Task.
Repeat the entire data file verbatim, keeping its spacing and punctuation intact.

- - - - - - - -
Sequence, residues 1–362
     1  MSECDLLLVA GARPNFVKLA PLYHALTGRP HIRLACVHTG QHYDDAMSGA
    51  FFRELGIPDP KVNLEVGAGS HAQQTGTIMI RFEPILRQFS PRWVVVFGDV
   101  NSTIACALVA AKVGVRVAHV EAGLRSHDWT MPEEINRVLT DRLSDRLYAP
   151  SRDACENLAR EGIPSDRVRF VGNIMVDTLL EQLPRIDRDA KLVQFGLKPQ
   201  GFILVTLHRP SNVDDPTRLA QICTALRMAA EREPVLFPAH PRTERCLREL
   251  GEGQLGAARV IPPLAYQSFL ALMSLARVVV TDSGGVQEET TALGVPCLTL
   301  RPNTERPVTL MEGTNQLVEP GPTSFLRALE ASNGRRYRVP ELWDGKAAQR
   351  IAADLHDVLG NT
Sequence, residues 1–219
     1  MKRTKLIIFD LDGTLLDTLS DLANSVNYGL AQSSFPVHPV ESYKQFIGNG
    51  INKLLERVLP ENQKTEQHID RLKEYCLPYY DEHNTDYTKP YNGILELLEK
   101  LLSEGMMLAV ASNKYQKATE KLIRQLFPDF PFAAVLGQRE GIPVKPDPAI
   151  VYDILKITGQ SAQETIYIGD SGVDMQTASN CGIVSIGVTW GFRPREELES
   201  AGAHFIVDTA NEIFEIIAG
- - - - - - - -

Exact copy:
Sequence, residues 1–362
     1  MSECDLLLVA GARPNFVKLA PLYHALTGRP HIRLACVHTG QHYDDAMSGA
    51  FFRELGIPDP KVNLEVGAGS HAQQTGTIMI RFEPILRQFS PRWVVVFGDV
   101  NSTIACALVA AKVGVRVAHV EAGLRSHDWT MPEEINRVLT DRLSDRLYAP
   151  SRDACENLAR EGIPSDRVRF VGNIMVDTLL EQLPRIDRDA KLVQFGLKPQ
   201  GFILVTLHRP SNVDDPTRLA QICTALRMAA EREPVLFPAH PRTERCLREL
   251  GEGQLGAARV IPPLAYQSFL ALMSLARVVV TDSGGVQEET TALGVPCLTL
   301  RPNTERPVTL MEGTNQLVEP GPTSFLRALE ASNGRRYRVP ELWDGKAAQR
   351  IAADLHDVLG NT
Sequence, residues 1–219
     1  MKRTKLIIFD LDGTLLDTLS DLANSVNYGL AQSSFPVHPV ESYKQFIGNG
    51  INKLLERVLP ENQKTEQHID RLKEYCLPYY DEHNTDYTKP YNGILELLEK
   101  LLSEGMMLAV ASNKYQKATE KLIRQLFPDF PFAAVLGQRE GIPVKPDPAI
   151  VYDILKITGQ SAQETIYIGD SGVDMQTASN CGIVSIGVTW GFRPREELES
   201  AGAHFIVDTA NEIFEIIAG